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Carolina Caycedo

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Carolina Caycedo
Courtesy Carolina Caycedo
Carolina Caycedo participates in movements of territorial resistance, solidarity economies, and housing as a human right. Her artistic practice includes a collective dimension, in which performances, drawings, photographs, and videos are not just end results but integral parts of her process. Her work contributes to the construction of environmental historical memory as a fundamental element for nonrepetition of violence against human and nonhuman entities, generating debate about the future in relation to common goods, environmental justice, just energy transition, and cultural biodiversity. Caycedo’s work will be featured in upcoming solo exhibitions at Muzeum Sztuki, Łódź, Poland; Orange County Museum of Art, Santa Ana, California; and the Institute of Contemporary Art Boston. She is a 2019 participant in the 45 Salón Nacional de Artistas in Colombia and Art Basel in Switzerland, and she will be a 2020 visiting artist at the NTU Centre for Contemporary Art in Singapore.  

Born 1978, London, England, United Kingdom; lives and works in Los Angeles, USA

Biennial Project

The Collapsing of a Model, 2019
Printed vinyl photo collage

Courtesy the artist

Featuring:
A Gente Rio (We River), 2016
Single-channel video (30 min., sound)

Commissioned by the 32nd Bienal de São Paulo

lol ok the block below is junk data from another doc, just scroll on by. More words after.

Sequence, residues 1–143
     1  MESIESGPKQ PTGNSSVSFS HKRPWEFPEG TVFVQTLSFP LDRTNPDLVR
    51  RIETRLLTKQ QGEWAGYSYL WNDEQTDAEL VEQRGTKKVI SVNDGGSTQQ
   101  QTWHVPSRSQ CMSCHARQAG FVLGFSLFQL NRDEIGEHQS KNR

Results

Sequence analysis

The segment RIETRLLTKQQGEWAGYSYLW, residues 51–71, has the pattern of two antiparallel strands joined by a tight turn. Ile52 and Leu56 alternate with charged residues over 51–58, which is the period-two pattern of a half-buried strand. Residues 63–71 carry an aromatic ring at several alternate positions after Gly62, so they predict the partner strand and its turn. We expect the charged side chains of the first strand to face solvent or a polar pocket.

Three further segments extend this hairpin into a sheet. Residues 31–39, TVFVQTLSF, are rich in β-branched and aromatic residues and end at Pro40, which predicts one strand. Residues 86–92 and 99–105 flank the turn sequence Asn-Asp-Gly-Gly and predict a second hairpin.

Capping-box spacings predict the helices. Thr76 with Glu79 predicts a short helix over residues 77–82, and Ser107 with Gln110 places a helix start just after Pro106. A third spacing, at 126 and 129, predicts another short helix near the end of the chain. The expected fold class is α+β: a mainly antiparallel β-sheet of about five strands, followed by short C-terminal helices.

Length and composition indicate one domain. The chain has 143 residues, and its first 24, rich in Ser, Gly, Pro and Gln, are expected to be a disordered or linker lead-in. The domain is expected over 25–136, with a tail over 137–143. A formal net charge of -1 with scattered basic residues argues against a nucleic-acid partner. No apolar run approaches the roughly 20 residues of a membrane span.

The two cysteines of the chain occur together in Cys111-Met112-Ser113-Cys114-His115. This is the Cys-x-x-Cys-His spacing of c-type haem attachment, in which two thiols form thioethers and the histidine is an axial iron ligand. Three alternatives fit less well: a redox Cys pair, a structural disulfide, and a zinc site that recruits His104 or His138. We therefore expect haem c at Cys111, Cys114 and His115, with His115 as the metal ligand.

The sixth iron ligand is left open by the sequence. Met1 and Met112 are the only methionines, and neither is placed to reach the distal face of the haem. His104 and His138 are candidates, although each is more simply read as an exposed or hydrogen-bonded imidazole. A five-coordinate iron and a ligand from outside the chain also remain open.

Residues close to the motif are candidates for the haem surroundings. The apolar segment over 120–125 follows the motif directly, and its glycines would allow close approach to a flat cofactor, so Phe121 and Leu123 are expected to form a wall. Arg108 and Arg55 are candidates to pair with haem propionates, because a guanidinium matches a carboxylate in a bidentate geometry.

Part of the larger project Be Dammed, developed by artist Carolina Caycedo since 2012, The Collapsing of a Model addresses three large-scale energy infrastructure projects: the Hidroituango dam on the Cauca river in Antioquia, Colombia, which has been at risk of collapsing since April 2018, and two failed mine-tailing dams (used to store by-products of mining operations) in Minas Gerais, Brazil, one of which collapsed catastrophically in January 2019, leaving more than three hundred people dead or missing and destroying the Paraopeba river ecosystem. Using mapping, aerial and satellite surveillance imagery, and military technology, Caycedo traces flows of money at national and international scales, and the corporate and government interests that underpin damming infrastructure. For Caycedo, the physical infrastructure and technologies that support energy production are not solely symbols of progress and development, but also tools that can negatively affect land, people, and the environment.
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